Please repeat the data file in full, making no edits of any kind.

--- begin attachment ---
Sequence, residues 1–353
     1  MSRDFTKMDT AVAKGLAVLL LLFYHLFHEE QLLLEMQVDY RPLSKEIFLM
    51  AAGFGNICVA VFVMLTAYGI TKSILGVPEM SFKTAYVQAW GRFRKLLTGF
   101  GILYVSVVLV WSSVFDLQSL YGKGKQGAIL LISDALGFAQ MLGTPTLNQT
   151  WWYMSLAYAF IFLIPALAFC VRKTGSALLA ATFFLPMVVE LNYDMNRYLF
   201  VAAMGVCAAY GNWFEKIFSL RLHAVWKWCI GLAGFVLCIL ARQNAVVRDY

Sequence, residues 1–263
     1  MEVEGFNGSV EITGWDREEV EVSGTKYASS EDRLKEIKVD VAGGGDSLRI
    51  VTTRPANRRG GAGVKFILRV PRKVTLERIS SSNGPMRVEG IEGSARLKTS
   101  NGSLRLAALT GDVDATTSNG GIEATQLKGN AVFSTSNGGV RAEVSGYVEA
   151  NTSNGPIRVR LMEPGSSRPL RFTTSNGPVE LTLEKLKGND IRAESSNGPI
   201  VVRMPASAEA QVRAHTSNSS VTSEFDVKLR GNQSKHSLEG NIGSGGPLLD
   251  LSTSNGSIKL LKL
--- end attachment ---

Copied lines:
Sequence, residues 1–353
     1  MSRDFTKMDT AVAKGLAVLL LLFYHLFHEE QLLLEMQVDY RPLSKEIFLM
    51  AAGFGNICVA VFVMLTAYGI TKSILGVPEM SFKTAYVQAW GRFRKLLTGF
   101  GILYVSVVLV WSSVFDLQSL YGKGKQGAIL LISDALGFAQ MLGTPTLNQT
   151  WWYMSLAYAF IFLIPALAFC VRKTGSALLA ATFFLPMVVE LNYDMNRYLF
   201  VAAMGVCAAY GNWFEKIFSL RLHAVWKWCI GLAGFVLCIL ARQNAVVRDY

Sequence, residues 1–263
     1  MEVEGFNGSV EITGWDREEV EVSGTKYASS EDRLKEIKVD VAGGGDSLRI
    51  VTTRPANRRG GAGVKFILRV PRKVTLERIS SSNGPMRVEG IEGSARLKTS
   101  NGSLRLAALT GDVDATTSNG GIEATQLKGN AVFSTSNGGV RAEVSGYVEA
   151  NTSNGPIRVR LMEPGSSRPL RFTTSNGPVE LTLEKLKGND IRAESSNGPI
   201  VVRMPASAEA QVRAHTSNSS VTSEFDVKLR GNQSKHSLEG NIGSGGPLLD
   251  LSTSNGSIKL LKL